This month's agenda item and its attachments show that similar results are likely for other state and local plans in CalPERS under the proposed actuarial changes.

LAO Comments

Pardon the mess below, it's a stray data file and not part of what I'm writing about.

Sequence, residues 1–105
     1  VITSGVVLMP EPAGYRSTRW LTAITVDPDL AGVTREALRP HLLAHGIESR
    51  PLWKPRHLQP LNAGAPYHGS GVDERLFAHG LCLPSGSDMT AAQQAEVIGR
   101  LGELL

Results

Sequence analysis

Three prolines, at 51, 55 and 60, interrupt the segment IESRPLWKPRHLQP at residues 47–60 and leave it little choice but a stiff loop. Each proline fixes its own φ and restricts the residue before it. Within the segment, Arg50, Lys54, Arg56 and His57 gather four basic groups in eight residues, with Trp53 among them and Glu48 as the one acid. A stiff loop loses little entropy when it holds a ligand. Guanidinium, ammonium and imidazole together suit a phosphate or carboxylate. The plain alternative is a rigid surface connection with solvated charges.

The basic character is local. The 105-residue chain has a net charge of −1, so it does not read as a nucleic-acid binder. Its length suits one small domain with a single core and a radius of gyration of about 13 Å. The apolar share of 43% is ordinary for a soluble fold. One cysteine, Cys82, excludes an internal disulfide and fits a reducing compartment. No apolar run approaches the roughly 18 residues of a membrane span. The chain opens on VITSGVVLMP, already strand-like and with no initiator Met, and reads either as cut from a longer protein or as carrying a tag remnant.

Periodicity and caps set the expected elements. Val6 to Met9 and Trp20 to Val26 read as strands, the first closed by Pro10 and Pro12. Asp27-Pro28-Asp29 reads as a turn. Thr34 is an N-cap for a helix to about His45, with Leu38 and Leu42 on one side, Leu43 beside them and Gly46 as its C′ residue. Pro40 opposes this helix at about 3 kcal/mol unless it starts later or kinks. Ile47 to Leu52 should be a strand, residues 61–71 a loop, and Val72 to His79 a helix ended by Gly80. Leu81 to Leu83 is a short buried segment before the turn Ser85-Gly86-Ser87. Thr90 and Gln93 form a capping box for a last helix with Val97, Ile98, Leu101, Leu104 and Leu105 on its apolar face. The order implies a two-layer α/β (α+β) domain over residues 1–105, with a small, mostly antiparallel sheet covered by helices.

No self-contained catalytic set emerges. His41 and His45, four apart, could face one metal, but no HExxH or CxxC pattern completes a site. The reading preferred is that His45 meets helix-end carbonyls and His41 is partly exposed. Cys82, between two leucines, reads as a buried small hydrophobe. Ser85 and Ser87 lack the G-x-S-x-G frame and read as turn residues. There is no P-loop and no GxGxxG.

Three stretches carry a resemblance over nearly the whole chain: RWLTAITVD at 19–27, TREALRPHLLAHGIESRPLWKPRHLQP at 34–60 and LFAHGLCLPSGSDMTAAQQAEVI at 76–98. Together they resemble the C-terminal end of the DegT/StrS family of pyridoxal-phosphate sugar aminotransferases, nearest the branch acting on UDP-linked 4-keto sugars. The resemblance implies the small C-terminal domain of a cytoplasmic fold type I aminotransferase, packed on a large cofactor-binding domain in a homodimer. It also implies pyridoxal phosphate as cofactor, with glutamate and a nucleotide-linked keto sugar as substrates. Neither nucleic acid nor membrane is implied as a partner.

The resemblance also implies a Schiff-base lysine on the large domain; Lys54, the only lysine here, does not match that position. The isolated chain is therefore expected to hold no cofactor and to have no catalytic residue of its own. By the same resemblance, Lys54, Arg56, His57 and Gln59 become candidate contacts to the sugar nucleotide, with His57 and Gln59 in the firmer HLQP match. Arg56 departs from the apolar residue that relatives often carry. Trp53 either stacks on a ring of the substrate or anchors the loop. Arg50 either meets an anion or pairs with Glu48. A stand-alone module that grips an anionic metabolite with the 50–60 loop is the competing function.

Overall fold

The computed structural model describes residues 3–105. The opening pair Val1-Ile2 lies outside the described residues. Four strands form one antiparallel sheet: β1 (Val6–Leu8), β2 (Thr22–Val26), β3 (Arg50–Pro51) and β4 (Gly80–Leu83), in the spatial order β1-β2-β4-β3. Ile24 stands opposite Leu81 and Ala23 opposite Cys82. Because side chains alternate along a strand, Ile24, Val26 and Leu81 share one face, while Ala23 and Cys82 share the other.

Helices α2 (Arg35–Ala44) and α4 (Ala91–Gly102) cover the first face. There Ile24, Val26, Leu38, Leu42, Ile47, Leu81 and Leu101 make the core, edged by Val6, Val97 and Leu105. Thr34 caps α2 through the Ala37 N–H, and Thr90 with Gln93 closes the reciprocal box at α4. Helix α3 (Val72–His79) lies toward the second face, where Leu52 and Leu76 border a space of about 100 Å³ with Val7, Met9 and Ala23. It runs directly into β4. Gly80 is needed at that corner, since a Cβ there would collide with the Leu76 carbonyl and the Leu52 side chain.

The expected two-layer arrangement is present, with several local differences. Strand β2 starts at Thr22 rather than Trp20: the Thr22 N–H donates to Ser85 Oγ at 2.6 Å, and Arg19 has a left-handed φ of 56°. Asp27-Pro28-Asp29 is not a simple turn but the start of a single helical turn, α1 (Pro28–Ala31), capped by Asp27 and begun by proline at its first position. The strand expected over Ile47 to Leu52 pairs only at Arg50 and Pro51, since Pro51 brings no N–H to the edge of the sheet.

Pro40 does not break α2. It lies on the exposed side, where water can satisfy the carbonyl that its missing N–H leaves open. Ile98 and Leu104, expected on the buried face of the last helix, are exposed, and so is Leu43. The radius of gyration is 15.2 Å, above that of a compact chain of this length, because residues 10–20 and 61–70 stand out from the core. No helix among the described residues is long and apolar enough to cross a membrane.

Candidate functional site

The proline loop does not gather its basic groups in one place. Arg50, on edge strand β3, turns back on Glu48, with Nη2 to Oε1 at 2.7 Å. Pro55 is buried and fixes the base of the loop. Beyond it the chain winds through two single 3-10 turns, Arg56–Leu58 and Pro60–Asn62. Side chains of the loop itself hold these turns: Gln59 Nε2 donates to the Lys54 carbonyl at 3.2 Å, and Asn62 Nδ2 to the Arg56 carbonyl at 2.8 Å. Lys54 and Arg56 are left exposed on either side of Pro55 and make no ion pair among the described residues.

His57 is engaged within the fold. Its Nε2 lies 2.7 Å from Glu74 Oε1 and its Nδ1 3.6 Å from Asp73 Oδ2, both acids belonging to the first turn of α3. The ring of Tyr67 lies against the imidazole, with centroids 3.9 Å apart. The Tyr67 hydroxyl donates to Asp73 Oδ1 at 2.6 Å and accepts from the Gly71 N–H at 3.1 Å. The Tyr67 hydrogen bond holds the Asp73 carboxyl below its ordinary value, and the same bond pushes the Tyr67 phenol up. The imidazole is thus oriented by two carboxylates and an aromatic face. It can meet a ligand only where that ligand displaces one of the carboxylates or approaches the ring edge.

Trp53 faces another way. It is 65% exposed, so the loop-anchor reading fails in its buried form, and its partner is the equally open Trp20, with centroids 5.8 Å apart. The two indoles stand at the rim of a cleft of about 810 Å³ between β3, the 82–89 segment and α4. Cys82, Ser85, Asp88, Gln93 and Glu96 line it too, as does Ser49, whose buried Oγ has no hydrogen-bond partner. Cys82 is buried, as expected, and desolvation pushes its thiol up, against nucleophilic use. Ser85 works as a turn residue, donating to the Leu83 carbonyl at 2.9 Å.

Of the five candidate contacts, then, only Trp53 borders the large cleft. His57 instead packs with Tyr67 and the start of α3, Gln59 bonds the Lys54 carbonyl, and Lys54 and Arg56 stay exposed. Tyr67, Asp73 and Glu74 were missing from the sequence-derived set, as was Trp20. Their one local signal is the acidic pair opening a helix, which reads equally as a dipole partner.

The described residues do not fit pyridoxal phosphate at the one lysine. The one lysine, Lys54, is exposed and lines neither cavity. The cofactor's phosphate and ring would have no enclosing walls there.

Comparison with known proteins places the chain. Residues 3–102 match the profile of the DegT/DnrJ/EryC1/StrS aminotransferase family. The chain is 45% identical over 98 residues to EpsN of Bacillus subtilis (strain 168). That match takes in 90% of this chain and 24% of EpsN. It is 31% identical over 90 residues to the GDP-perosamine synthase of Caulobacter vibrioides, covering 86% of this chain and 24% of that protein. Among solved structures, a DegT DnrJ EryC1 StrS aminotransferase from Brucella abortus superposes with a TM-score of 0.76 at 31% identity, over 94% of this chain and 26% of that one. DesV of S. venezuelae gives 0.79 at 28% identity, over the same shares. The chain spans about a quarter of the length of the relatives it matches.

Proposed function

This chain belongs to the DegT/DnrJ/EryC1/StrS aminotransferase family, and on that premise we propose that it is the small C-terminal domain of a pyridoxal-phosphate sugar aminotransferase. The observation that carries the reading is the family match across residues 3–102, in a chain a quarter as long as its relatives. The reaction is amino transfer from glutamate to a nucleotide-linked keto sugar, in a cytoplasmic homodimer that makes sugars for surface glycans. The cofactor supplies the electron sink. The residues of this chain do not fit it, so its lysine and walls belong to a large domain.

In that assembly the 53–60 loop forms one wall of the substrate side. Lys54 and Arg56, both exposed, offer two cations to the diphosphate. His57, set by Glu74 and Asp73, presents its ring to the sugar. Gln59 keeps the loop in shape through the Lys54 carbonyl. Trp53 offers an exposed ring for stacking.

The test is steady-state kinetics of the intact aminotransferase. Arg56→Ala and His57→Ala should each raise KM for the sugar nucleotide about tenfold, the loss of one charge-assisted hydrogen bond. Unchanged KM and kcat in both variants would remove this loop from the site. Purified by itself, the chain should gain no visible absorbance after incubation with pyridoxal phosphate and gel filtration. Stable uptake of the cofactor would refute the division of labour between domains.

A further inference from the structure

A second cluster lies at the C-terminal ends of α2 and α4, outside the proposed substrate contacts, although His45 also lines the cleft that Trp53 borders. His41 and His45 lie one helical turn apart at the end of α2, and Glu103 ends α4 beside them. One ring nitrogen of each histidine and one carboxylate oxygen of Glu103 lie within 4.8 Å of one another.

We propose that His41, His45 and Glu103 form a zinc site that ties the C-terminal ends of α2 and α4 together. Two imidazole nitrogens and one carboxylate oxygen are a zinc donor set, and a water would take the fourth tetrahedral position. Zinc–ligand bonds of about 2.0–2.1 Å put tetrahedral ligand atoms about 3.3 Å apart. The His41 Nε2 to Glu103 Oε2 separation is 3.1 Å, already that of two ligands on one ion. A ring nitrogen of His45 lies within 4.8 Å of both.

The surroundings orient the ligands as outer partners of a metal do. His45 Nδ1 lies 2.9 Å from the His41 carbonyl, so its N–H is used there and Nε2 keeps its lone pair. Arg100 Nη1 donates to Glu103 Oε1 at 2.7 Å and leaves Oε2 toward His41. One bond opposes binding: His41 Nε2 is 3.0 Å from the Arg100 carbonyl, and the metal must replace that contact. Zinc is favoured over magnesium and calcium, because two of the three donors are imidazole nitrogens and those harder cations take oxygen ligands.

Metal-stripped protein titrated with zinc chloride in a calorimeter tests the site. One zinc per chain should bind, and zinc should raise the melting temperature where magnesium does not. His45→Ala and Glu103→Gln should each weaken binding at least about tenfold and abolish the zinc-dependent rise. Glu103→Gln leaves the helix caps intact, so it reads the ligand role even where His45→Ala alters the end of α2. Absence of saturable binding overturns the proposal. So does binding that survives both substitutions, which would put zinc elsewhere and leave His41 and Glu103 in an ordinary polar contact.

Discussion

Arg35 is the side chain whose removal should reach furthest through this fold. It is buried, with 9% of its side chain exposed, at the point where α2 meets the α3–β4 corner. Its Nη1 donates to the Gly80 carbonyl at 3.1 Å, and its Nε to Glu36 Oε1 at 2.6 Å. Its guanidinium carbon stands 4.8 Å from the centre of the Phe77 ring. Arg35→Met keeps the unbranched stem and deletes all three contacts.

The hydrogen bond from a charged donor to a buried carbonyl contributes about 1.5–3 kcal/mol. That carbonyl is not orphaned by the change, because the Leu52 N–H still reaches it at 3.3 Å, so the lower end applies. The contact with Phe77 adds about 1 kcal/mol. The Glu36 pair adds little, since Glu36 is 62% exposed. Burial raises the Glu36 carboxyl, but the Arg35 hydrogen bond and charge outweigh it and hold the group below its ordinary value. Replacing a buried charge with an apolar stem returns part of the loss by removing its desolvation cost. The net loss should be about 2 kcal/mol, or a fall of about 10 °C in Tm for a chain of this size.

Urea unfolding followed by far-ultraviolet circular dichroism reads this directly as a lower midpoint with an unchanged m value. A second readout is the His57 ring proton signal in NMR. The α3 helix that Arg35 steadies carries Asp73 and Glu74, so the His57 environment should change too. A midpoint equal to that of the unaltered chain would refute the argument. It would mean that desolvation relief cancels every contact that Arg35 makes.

CalPERS Staff Proposal Attempts to Address Major System Funding Risks. Since we analyzed CalPERS' rate stabilization policies in 2006, the system opted to delay certain employer contributions further following the economic crash of 2008, and system staff have completed significant, new statistical research concerning the system's funding risks. The system's latest research—culminating in development of the detailed statistical model projecting future trends in CalPERS' assets and liabilities referenced in this month's agenda items—was summarized in a report released last month by the system, entitled Annual Review of Funding Levels and Risks as of June 30, 2012. While noting the effects of last year's statewide pension legislation (which reduced benefits, particularly for public employees hired beginning this year), the report concluded that CalPERS' major state, school, and local plans generally have a 50 percent or greater chance of falling below 50 percent funding status at some point in the next 30 years. Such shortfalls, if they were to occur, would result in much larger shifts of costs to future generations to cover benefits earned by past public employees. Potential investment volatility or shortfalls would be among the key reasons that this funding weakness could materialize.